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Wednesday, January 22, 2014

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Ajax Manatiso

There's a simple solution for that. Go to the in-world store and check out the model/bot to see if the skin really looks good in-world. No in-world store? Pass it up - not worth the risk.

melponeme_k

I can usually pick out the renders. Simply because they aim for realism and fail. The render models have a distinct muscle slackness, unfocused eyes and a sickly pallor that remind me of zombies not human beings. I've never experienced that with Second Life pics straight or modified. SL avatars still have a cartoon aspect to them that avoids the uncanny valley.

Iris Ophelia

@Ajax I can name more skin stores that don't have models than stores that do, just for the record. But it's sort of a moot point, since customers should always try demos first. No demo no sale! :)

Pussycat Catnap

The shoulders thing might be from subsurface rendering - which I recall coming to Poser right as I left that scene. It lets the render go just a 'skin layer deep' much as light hitting real skin does - and that in turns removes a certain 'plastic' look that cannot be fully removed otherwise - especially when dealing with wet skin or skin in very intense renders (not sure how to word that - but where they are a lot of light effects, even if the image is very dark and shadowy).

But yeah - anyone who ever gets duped, spend a few days looking at renders on renderosity - both the good and bad ones - and comparing them to images from second life on tumblr or ideally: the feeds.

Eventually the 'oh I get it' moment will occur - its not something with a big sign that says "right there, this is it" - its just something that's there like learning the difference between two architects.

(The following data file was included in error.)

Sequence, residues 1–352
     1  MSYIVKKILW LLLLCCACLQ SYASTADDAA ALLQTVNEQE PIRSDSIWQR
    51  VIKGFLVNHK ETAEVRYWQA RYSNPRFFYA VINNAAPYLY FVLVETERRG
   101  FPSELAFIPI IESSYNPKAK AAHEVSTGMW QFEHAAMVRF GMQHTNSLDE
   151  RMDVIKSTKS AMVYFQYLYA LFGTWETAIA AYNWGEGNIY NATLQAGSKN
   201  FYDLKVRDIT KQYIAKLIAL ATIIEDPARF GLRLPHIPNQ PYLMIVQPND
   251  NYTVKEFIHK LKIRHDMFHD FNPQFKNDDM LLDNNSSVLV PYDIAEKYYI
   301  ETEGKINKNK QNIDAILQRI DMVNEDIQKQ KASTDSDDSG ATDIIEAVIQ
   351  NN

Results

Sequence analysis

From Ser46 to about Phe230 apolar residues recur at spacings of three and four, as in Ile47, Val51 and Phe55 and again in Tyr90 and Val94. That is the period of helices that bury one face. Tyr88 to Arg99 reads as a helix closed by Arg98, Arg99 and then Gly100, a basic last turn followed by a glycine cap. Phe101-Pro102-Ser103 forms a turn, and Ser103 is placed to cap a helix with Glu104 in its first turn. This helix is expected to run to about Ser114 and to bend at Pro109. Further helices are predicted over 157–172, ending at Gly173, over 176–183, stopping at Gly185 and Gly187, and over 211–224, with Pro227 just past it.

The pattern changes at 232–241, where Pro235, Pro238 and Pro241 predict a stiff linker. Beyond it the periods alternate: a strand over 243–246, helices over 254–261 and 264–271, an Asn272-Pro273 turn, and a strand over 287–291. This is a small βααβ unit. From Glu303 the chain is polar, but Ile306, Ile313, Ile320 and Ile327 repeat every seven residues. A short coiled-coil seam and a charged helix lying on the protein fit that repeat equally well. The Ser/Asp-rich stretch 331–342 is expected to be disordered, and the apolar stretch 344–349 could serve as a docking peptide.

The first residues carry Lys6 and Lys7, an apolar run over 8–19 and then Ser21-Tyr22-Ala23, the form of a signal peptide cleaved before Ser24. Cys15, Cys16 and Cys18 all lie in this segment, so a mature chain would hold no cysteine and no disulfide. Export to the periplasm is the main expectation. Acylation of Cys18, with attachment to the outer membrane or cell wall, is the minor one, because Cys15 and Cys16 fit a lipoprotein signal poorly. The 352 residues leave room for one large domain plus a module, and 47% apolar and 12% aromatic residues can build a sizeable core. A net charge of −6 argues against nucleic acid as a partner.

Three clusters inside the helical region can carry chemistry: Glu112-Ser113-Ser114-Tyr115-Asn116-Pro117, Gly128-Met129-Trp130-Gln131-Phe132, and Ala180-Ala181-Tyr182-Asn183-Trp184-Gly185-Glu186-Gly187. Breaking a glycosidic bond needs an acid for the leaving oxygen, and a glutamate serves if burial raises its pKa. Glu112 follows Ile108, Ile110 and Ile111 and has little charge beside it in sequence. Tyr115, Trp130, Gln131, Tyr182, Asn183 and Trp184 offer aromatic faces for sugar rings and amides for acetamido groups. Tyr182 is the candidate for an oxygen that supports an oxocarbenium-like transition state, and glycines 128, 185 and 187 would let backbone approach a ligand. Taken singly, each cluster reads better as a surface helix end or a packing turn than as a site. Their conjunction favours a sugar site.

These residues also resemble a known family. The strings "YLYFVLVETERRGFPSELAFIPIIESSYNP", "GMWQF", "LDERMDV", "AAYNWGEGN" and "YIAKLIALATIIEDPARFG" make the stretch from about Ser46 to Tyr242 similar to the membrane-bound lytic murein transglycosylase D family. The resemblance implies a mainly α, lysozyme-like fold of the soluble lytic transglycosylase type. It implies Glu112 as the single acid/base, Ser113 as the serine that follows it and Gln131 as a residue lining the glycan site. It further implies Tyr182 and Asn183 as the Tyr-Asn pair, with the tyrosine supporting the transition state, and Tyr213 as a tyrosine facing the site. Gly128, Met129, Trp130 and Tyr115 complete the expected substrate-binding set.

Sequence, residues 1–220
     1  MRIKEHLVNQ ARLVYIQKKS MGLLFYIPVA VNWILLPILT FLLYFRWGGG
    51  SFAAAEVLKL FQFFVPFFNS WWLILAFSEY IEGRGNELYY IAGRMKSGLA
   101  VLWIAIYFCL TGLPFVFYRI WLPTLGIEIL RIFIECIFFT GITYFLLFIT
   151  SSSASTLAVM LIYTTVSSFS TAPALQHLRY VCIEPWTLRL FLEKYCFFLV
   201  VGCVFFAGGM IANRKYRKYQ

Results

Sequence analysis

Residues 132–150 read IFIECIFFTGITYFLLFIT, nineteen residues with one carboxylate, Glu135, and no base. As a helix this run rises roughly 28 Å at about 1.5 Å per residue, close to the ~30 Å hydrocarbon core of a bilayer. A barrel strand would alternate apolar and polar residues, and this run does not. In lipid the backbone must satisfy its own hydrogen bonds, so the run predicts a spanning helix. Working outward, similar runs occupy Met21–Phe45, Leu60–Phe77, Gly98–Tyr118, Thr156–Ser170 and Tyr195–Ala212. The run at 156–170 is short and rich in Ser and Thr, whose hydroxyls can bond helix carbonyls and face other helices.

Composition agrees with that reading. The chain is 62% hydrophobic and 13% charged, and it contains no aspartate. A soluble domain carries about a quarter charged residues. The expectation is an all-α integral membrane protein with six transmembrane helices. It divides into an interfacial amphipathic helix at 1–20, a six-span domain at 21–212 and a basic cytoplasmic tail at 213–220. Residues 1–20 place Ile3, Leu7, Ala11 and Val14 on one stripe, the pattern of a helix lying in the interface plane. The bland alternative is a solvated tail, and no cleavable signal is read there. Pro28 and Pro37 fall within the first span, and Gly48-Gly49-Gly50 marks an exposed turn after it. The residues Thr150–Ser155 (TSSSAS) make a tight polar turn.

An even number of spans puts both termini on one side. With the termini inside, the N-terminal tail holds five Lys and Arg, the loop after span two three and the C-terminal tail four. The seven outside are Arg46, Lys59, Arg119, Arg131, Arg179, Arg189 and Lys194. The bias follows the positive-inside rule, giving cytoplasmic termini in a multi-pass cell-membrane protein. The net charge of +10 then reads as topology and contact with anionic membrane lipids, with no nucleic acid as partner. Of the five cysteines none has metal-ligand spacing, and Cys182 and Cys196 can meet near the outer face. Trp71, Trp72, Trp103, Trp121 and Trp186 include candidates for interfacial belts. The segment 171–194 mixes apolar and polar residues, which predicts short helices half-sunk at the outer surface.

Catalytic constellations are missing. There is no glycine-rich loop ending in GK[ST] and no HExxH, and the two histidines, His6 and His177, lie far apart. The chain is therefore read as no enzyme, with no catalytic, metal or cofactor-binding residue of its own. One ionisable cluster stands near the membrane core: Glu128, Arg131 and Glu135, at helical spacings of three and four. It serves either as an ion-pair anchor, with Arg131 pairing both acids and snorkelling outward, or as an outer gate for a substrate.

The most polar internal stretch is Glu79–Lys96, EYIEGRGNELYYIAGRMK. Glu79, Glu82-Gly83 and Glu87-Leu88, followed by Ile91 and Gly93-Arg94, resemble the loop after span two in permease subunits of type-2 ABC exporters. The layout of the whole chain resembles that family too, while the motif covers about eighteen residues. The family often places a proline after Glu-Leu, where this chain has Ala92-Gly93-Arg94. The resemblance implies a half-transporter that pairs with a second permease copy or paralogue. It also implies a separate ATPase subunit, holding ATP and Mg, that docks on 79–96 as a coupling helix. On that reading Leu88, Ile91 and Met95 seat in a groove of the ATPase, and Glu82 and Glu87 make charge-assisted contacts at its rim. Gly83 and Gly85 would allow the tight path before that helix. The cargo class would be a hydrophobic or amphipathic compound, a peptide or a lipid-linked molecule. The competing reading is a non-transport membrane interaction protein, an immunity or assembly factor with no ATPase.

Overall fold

Santana

Demo. Demo. Demo. I cannot say it enough. Purchasing any skin without trying the demo first is risky. In fact, I recently went on a big skin hunt this last week and over 85% of the skins I tried on did /not/ match the advertising boards or marketplace images because they were highly photoshopped (I possess a variety of shapes, so it wasn't just that it looked wrong or wonky on a single shape).

Retailers add lights, softness, blurring and the likes to make these ads look pretty for their stores, and it is incredibly misleading. What appears vibrant and well crafted in the photo is sallow and washed out with minimal detail more often than not. Also, I noticed a big trend is to photoshop part of the face into a RL modelling picture and use that for their ad, this is also misleading (and often looks silly).

As for people scamming, I, myself, have not encountered this with purchases as of yet. I feel bad for those who have been.

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